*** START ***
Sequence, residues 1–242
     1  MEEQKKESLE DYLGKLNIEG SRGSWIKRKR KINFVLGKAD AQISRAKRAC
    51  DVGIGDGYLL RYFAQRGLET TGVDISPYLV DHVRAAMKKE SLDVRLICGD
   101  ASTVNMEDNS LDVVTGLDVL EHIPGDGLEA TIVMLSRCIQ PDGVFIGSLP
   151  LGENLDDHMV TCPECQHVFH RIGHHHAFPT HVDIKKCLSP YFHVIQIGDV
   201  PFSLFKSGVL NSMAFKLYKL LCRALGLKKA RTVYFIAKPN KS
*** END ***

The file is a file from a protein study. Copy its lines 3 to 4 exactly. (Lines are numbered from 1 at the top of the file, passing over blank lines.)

    51  DVGIGDGYLL RYFAQRGLET TGVDISPYLV DHVRAAMKKE SLDVRLICGD
   101  ASTVNMEDNS LDVVTGLDVL EHIPGDGLEA TIVMLSRCIQ PDGVFIGSLP